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SANCTUARY CITIES AND STATES
INFORMATION RESOURCE

VERMONT IS NOT A SANCTUARY STATE


Illegal Immigration
Vermont Public Television, 12/20/07

According to recent statistics, at least 2,500 illegal aliens are now living and working in Vermont. The stateís agriculture industry relies more and more on labor from undocumented workers. On the homeland security front, Vermont is a gateway to the U.S. from Canada, where al Qaeda has been known to support cells. This installment of Public Square looks at Vermontís current approach to issues surrounding illegal immigration.
The local face of immigration reform
County Courier, 10/8/07

FRANKLIN COUNTY: Once a world away from local barnyards, hints of changes to the federal immigration policy are watched keenly these days by rural Vermont dairy farmers.

With reliance on Hispanic immigrant labor now a fundamental reality on many Vermont dairy farms, recent Bush administration proposals and their potential ramifications have not gone unnoticed, even with one of the most contentious changes being temporarily blocked by a federal judge.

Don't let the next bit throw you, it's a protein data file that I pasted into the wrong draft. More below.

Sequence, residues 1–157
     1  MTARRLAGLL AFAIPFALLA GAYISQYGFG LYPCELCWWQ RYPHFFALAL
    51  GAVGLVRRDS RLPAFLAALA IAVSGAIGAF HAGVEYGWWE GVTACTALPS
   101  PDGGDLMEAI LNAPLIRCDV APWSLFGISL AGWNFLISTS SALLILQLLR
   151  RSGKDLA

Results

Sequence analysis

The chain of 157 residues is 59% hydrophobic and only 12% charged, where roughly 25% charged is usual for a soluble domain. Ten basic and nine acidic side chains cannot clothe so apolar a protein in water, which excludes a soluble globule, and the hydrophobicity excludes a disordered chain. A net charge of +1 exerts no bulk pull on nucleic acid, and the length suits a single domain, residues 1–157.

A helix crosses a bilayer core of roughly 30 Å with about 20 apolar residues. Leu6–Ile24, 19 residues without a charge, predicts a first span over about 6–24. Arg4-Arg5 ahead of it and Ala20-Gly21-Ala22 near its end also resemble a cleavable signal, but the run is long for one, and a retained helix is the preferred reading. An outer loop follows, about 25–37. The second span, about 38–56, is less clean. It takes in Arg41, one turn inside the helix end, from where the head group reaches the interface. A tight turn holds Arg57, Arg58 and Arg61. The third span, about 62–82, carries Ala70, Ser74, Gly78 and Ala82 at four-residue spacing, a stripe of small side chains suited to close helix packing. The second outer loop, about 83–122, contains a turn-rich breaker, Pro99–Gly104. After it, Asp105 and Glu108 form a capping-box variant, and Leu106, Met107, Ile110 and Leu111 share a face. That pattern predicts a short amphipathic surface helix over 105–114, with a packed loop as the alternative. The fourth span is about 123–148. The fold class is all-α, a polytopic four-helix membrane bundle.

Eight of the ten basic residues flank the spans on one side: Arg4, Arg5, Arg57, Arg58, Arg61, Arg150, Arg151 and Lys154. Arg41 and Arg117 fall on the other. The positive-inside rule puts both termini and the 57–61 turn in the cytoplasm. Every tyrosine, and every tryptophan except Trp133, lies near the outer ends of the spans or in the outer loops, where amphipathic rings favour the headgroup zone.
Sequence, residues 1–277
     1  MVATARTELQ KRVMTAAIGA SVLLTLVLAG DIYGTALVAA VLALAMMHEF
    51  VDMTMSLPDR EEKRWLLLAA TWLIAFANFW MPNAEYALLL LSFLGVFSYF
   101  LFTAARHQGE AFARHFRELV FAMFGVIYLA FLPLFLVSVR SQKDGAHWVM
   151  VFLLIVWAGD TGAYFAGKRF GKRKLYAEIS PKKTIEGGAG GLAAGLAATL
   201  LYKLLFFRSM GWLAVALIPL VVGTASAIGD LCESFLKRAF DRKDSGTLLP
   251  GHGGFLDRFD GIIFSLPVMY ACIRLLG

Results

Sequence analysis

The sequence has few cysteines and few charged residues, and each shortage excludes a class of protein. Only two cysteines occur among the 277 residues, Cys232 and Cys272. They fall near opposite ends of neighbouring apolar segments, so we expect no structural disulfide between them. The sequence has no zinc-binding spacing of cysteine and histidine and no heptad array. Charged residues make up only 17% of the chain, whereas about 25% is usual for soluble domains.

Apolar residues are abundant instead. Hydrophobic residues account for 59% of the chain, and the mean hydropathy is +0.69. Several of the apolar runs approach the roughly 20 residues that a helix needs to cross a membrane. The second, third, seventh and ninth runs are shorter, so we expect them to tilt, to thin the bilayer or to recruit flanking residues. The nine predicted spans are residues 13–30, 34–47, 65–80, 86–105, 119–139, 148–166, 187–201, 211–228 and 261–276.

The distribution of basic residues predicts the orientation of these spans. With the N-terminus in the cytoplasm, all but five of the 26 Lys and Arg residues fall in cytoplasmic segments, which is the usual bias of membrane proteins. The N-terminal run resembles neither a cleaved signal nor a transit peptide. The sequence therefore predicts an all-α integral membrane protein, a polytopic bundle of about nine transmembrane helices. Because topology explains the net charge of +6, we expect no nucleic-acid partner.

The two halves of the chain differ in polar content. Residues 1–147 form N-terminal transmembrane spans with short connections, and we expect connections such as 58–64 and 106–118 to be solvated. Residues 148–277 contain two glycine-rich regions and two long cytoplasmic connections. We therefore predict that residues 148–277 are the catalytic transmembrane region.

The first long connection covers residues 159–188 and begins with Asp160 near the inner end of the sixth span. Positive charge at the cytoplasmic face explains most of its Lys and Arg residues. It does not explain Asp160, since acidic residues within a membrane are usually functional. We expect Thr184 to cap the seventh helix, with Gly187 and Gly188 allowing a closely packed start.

On Aug. 10, the Bush administration announced a series of immigration rule changes, including one seeking increased criminal prosecution and fines against employers of suspected illegal immigrants. The rule toughens an existing law centered on documentation and social security numbers for new workers.

In early September, three weeks after the new rule was announced and two weeks before it was to go into effect, a federal judge granted a temporary restraining order to stop it. The rule is on hold at least until Oct. 1, at which point the pending lawsuit - filed by labor union group the AFL-CIO and the American Civil Liberties Union - could go to trial.
Vermont Fights for Immigrant Dairy Workers
by John Dillon for the NPR, 8/8/06

Thousands of the farm workers on Vermont's dairy farms are there illegally. Dairy farm workers don't qualify for a guest-worker program that allows foreigners to enter the U.S. for seasonal jobs. Farmers and state politicians say that Washington's policy hurts the state's dairy industry. From Vermont Public Radio, John Dillon reports.

On Aug. 10, the Bush administration announced a series of immigration rule changes, including one seeking increased criminal prosecution and fines against employers of suspected illegal immigrants. The rule toughens an existing law centered on documentation and social security numbers for new workers.

In early September, three weeks after the new rule was announced and two weeks before it was to go into effect, a federal judge granted a temporary restraining order to stop it. The rule is on hold at least until Oct. 1, at which point the pending lawsuit - filed by labor union group the AFL-CIO and the American Civil Liberties Union - could go to trial.
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